On 2013-04-23, fetchmail-6.3.26
has been released (this is the download link), fixing a few
minor bugs, improving OpenSSL error reporting, and adding an
Esperanto-language translation. You
can also download from sourceforge.net by clicking here.
It is a recommended update for all users and distributors. Click here to see the change details.
If your fetchmail upgrade entails an upgrade of the OpenSSL
library to 1.0.0, remember to re-run c_rehash
/path/to/certs, where the last part is whatever argument
you give to fetchmail's
sslcertpath option. Details:
please see fetchmail's FAQ item
These have been moved to a separate page (click here for security information) to unclutter the front page.
Fetchmail is a full-featured, robust, well-documented remote-mail retrieval and forwarding utility intended to be used over on-demand TCP/IP links (such as SLIP or PPP connections). It supports every remote-mail protocol now in use on the Internet: POP2, POP3, RPOP, APOP, KPOP, all flavors of IMAP, ETRN, and ODMR. It can even support IPv6 and IPSEC.
Fetchmail retrieves mail from remote mail servers and forwards it via SMTP, so it can then be read by normal mail user agents such as mutt, elm(1) or BSD Mail. It allows all your system MTA's filtering, forwarding, and aliasing facilities to work just as they would on normal mail.
Fetchmail offers better protection against password-sniffing than any other Unix remote-mail client. It supports APOP, KPOP, OTP, Compuserve RPA, Microsoft NTLM, and IMAP RFC1731 encrypted authentication methods including CRAM-MD5 to avoid sending passwords en clair. It can be configured to support end-to-end encryption via tunneling with ssh, the Secure Shell.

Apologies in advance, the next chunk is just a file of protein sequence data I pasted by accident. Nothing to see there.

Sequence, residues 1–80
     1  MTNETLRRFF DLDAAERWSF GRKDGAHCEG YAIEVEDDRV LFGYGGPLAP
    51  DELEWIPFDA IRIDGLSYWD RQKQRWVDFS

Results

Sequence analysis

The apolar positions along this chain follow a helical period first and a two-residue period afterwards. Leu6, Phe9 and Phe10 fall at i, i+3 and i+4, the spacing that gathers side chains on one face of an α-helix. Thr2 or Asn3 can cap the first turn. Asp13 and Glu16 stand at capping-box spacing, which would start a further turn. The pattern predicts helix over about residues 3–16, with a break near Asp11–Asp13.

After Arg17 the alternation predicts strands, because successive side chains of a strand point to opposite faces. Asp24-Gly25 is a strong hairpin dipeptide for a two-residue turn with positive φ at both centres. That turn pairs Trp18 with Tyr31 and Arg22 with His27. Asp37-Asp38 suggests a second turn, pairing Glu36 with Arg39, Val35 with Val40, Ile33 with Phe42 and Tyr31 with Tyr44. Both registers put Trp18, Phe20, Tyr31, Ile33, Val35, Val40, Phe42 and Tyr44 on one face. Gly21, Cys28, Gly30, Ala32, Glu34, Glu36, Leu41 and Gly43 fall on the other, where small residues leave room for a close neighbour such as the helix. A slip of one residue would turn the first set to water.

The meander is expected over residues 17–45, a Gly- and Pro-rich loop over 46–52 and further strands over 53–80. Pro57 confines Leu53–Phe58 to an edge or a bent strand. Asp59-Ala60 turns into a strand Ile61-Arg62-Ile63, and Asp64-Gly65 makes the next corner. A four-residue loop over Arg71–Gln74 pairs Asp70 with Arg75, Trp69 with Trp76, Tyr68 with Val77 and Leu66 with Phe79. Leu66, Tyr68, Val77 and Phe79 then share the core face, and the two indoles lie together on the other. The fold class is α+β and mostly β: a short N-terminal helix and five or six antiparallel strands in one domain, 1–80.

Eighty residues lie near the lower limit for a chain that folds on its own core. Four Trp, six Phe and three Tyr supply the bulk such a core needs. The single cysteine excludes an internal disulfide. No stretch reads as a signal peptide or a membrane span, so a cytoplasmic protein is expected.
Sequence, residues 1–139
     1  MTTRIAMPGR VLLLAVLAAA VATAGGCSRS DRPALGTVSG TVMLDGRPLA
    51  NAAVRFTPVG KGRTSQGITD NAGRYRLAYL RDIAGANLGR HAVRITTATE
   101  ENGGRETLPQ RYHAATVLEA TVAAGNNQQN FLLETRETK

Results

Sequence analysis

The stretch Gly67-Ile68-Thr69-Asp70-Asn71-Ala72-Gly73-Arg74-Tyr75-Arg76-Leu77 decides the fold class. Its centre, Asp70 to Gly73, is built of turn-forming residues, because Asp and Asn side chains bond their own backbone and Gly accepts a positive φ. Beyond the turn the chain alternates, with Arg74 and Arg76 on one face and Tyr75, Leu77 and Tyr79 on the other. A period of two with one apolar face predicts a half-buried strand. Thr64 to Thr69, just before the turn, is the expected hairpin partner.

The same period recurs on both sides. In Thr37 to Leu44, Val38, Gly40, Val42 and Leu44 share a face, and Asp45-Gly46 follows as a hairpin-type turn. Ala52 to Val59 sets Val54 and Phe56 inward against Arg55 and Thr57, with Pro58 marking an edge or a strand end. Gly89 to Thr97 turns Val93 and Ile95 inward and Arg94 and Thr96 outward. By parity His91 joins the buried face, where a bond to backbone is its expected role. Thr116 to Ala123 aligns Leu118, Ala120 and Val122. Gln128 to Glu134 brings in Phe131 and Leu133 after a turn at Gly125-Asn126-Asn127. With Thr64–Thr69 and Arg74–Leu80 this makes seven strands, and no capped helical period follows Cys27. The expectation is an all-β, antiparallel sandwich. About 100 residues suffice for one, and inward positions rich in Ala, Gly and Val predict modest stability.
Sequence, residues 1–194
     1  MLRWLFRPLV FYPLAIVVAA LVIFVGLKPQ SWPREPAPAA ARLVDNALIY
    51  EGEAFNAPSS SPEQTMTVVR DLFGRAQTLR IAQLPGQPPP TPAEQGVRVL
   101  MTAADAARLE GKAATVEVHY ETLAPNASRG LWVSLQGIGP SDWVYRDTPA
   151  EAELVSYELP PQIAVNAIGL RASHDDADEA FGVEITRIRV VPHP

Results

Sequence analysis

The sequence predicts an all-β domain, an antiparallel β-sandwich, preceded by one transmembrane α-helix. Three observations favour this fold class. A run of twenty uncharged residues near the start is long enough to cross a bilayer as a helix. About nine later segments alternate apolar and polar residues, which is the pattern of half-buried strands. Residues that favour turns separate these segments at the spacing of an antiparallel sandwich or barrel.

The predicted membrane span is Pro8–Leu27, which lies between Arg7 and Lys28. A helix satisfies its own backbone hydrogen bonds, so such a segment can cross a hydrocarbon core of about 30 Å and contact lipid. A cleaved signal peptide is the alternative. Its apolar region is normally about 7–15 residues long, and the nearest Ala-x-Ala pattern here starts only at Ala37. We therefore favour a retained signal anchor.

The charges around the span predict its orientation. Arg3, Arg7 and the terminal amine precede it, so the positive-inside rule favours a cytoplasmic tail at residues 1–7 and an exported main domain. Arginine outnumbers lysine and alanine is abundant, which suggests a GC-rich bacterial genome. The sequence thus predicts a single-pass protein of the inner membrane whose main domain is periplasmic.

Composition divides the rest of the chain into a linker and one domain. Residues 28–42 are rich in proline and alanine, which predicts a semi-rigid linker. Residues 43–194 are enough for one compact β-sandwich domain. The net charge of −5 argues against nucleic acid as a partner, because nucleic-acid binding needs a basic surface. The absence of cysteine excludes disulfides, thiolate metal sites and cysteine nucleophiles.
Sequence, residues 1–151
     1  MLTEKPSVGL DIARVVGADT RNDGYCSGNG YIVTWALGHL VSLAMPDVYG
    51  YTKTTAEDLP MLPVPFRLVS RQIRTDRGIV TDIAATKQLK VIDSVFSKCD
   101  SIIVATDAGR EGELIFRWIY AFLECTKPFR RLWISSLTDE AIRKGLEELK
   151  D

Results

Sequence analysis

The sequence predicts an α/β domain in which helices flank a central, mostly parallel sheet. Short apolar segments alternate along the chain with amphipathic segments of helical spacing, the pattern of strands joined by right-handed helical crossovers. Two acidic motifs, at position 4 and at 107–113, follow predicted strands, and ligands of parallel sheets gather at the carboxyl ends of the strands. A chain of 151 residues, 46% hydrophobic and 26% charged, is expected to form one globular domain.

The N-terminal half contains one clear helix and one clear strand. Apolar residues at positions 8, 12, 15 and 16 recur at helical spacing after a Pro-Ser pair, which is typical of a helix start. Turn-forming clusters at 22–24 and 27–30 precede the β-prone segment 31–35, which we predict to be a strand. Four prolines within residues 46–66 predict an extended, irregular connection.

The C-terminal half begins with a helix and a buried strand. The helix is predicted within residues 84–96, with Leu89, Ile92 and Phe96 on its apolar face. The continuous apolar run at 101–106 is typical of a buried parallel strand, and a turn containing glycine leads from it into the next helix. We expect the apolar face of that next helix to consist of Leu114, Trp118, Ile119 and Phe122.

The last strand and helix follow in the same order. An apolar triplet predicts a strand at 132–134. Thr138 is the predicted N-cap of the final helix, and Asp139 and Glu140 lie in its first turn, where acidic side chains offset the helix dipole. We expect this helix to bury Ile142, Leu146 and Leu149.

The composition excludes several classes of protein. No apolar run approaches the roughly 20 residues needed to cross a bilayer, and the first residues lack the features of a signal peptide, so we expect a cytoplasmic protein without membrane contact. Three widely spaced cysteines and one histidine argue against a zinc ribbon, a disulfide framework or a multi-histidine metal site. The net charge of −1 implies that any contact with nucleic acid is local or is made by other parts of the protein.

Fetchmail can be used as a POP/IMAP-to-SMTP gateway for an entire DNS domain, collecting mail from a single drop box on an ISP and SMTP-forwarding it based on header addresses. (We don't really recommend this, though, as it may lose important envelope-header information. ETRN or a UUCP connection is better.)
Fetchmail can be started automatically and silently as a system daemon at boot time. When running in this mode with a short poll interval, it is pretty hard for anyone to tell that the incoming mail link is not a full-time "push" connection.
Fetchmail is easy to configure. You can edit its dotfile directly, or use the interactive GUI configurator (fetchmailconf) supplied with the fetchmail distribution. It is also directly supported in linuxconf versions 1.16r8 and later.
Fetchmail is fast and lightweight. It packs all its standard features (POP3, IMAP, and ETRN support) in 196K of core on a Pentium under Linux.
See the Fetchmail Feature List for more about what fetchmail does.
See the on-line manual page for basics.
See the HTML Fetchmail FAQ for troubleshooting help.
See the Fetchmail Design Notes for discussion of some of the design choices in fetchmail.
See the project's To-Do list for indications of known problems and requested features.